A Systematic Review of Prevalence Studies of Gender-Based Violence in Complex Emergencies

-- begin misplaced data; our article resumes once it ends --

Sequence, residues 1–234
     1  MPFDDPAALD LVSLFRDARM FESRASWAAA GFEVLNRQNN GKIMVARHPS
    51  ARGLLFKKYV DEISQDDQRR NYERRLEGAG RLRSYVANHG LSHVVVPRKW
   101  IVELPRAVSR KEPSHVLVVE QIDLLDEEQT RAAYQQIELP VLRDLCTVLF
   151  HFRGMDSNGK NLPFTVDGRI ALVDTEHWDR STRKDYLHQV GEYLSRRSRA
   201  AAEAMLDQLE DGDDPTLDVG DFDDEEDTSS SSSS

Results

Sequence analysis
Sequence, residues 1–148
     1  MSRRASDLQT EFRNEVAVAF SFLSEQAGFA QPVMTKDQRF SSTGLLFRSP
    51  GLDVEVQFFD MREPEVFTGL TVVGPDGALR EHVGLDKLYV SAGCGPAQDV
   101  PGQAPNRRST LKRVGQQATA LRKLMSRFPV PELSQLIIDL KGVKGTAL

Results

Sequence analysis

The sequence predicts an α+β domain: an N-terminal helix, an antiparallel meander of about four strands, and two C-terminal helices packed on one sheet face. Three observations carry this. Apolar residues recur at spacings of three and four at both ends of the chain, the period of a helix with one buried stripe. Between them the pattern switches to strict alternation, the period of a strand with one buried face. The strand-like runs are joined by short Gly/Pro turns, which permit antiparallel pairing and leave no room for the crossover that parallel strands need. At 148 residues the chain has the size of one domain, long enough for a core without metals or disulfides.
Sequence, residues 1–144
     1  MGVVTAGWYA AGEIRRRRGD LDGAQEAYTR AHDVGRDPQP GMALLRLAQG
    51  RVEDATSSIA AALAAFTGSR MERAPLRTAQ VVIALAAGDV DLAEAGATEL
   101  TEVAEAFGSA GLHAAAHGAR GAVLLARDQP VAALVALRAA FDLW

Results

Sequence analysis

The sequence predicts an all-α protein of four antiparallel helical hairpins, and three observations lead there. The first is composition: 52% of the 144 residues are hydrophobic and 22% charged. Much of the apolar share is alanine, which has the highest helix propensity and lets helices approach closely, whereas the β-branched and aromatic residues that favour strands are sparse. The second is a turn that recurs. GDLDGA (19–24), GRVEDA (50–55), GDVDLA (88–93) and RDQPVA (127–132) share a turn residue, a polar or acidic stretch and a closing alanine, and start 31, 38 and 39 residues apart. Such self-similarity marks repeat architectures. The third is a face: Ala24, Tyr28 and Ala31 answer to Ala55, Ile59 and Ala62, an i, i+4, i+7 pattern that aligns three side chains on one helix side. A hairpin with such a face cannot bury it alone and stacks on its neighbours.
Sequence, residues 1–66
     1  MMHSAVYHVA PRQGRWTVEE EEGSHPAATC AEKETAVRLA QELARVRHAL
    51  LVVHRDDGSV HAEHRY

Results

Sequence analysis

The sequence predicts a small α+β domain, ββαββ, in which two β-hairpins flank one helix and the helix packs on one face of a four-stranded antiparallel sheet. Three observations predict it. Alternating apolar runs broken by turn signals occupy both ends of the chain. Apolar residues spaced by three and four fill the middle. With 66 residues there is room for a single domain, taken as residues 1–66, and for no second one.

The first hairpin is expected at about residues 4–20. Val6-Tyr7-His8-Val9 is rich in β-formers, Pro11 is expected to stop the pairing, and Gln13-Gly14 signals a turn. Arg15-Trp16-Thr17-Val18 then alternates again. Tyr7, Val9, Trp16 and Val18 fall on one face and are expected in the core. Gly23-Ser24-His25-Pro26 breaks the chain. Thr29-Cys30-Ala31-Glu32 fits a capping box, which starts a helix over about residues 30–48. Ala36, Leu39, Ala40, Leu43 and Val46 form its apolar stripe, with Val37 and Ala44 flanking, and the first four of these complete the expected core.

Current methods to estimate the incidence of gender-based violence in complex emergencies tend to rely on nonprobability samples. Population-based monitoring is undertaken relatively infrequently. This article published in Trauma, Violence and Abuse provides a systematic review of published literature that represents attempts to quantify the magnitude of gender-based violence in emergency settings. Searches adopted a Boolean procedure, which led to initial selection of material that was then reviewed against set criteria. Only 10 studies met the final criteria for inclusion. Intimate partner violence, physical violence, and rape were the three categories of violence most frequently measured. Rates of intimate partner violence tended to be quite high across all of the studies—much higher than most of the rates of wartime rape and sexual violence perpetrated by individuals outside of the home. Direct comparisons of rates of violence were hindered by different case definitions, recall periods, and other methodological features. Recommendations for future studies are offered based on lessons learned from the studies reviewed.
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